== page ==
Abstract submission for posters is still open

We would like to offer the opportunity to both academics and industrialists to submit papers for this conference in the general field of encapsulated materials.

Our programme is complete so we can no longer accept abstracts for oral presentations. There is still the opportunity to present work in the form of a poster which will be promoted in the form of abstracts in the conference programme book and on the conference website


Abstracts should consist of a one- paragraph summary (ca 150 – 200 words) and the contact details of the authors and a contact address.

Please use the abstract template [download document]

Once complete this should be sent as a word document to the conference secretariat Constable & Smith Events by E Mail at This email address is being protected from spambots. You need JavaScript enabled to view it..

The deadline for submission of oral abstracts was April 30th. Abstracts for posters should be received by October 31st. From our experience the previous two conferences were so popular that the earlier we receive these abstracts the greater the chance that they are accepted. There were 100 delegates in London and in 2016 we had over 60 delegates in Edinburgh.  

The provisional programme is available to view. Follow the link on the menu to the right 






Nanotechnology and the Differentiated Medicine
Ijeoma F. Uchegbu | UCL School of Pharmacy

Pharmaceutical nanotechnology involves the formation of drug loaded nanoparticles from polymers, lipids and surface active agents.  Such nanoparticles have been used to formulate approved drugs, which target a particular clinical problem, such as: avoiding cardiotoxicity in the case of Doxil and avoiding hypersensitivity reactions in the case of the excipient used in Abraxane.  To gain approval, provide real patient benefit and encourage prescribing, it is essential that nanomedicines are sufficiently differentiated from a clinical perspective and preclinical data should support such potential differentiation, prior to proceeding to expensive clinical testing.  An increase in bioavailability, for example, is often an insufficient driver for clinical development.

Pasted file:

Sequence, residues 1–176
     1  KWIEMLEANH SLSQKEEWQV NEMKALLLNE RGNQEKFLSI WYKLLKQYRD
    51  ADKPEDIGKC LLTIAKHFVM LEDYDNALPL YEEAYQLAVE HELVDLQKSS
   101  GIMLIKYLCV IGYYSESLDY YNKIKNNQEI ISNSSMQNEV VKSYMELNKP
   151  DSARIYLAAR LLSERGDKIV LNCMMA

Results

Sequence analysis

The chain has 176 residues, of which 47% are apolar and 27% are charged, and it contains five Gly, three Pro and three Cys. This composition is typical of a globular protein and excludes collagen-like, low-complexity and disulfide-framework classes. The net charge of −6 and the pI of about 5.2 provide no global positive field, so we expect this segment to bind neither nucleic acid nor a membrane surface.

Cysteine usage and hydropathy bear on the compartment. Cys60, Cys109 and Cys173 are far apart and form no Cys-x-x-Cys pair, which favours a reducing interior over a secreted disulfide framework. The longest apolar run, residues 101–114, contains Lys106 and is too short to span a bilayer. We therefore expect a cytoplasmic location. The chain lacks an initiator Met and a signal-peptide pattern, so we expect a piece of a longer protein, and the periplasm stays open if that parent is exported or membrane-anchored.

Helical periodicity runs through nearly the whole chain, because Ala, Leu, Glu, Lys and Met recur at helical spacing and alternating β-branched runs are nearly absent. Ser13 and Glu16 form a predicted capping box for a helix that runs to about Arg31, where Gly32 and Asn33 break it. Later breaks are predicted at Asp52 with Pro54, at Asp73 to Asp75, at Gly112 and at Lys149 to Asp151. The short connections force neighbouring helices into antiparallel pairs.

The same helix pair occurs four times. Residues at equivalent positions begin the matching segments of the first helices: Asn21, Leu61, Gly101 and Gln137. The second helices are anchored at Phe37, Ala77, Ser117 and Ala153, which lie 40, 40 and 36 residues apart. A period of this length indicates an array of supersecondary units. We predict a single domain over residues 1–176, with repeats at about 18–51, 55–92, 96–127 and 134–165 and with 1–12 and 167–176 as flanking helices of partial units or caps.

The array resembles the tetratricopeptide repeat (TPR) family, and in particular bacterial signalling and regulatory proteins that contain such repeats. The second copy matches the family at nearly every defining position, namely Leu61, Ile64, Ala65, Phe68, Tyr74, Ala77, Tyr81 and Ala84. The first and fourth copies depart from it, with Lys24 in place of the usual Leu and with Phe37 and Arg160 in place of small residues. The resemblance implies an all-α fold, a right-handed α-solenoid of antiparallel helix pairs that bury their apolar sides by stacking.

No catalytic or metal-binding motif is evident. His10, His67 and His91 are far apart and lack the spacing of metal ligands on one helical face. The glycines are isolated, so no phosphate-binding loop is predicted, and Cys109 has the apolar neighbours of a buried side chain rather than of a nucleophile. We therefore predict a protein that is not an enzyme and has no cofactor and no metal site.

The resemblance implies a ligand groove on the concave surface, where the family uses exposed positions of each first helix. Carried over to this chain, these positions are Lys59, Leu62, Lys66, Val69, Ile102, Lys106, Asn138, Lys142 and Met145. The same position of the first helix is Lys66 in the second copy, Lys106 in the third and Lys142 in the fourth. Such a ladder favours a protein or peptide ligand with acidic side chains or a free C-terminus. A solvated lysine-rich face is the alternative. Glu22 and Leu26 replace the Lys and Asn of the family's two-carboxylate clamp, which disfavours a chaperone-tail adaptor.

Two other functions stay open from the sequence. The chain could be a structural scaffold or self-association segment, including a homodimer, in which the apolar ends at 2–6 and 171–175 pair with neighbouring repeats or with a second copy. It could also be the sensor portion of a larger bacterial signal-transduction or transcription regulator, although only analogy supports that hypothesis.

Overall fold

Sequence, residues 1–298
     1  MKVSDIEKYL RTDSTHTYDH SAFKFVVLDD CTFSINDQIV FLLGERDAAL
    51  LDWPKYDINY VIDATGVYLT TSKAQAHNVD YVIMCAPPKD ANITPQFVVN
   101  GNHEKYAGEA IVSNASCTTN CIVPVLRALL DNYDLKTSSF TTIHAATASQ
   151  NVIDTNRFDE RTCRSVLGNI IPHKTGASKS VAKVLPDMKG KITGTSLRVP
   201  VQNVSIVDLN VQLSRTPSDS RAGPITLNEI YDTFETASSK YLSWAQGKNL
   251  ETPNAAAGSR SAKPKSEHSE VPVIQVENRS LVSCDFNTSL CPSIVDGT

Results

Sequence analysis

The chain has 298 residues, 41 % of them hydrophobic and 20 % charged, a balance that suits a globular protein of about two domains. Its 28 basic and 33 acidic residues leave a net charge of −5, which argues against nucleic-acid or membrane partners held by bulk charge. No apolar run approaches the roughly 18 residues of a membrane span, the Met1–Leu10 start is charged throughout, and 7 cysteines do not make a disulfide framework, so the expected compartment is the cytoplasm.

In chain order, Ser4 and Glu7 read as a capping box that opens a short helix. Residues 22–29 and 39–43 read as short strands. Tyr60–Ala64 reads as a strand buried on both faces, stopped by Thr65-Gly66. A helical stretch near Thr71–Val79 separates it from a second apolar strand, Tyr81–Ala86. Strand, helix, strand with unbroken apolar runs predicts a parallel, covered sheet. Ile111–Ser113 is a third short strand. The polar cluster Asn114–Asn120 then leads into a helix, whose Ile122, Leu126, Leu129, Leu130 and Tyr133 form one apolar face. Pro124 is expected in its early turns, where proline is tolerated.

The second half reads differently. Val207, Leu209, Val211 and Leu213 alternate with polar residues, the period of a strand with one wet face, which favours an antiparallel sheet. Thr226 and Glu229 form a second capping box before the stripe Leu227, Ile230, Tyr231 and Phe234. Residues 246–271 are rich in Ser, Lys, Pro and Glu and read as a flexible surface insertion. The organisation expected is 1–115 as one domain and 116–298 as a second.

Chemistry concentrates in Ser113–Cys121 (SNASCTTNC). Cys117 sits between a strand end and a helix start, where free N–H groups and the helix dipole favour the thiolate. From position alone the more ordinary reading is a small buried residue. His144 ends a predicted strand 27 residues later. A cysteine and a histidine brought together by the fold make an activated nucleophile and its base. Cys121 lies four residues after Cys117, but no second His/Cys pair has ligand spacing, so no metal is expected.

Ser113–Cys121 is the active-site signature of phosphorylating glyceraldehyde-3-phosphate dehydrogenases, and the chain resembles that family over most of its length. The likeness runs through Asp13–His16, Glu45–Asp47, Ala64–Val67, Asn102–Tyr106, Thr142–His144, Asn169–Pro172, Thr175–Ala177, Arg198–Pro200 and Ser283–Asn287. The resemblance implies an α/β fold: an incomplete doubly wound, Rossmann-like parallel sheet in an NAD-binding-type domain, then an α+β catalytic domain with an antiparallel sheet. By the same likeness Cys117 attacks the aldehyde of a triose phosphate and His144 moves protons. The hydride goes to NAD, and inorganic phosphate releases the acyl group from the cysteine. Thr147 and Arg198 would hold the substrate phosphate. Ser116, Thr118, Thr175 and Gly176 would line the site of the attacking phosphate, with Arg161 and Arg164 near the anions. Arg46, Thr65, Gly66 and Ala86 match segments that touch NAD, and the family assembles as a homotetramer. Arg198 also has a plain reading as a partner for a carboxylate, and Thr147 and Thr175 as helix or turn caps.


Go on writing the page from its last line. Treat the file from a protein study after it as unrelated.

Over the last two decades, we have designed a large variety of self assembling polymers and peptides  and used these to develop nanomedicines, which may be administered via the intravenous oral and intranasal routes.  Some of these preclinical stage nanomedicines have already demonstrated that they are well differentiated in a manner that is relevant to their clinical use.  These nanomedicines show advantageous alterations in drug biodistribution and additional studies have illuminated some interesting mechanisms. These nanomedicines will be discussed in the talk.





Using solutions for fragrance oil encapsulation for developing local delivery of highly cytotoxic drugs.

Dr Olivier Cayre | University of Leeds

Encapsulation of volatile active ingredients such as fragrance oils remains a very challenging (and typically wasteful) process in many industrial applications. Standard polymer microcapsule shells are scarcely adapted for retaining such small actives because of their typical high diffusion rates, which typically means high losses of actives during processing and use.

Over the last few years, our research group has developed microcapsule shells that are impermeable to small molecules over relevant industrial timescales. These microcapsule shells consist of a thin metal shell deposited via electroless deposition methods directly onto the droplets to be encapsulated. The process is fast and allows for 100% of the actives to be retained within the microcapsules until release is activated.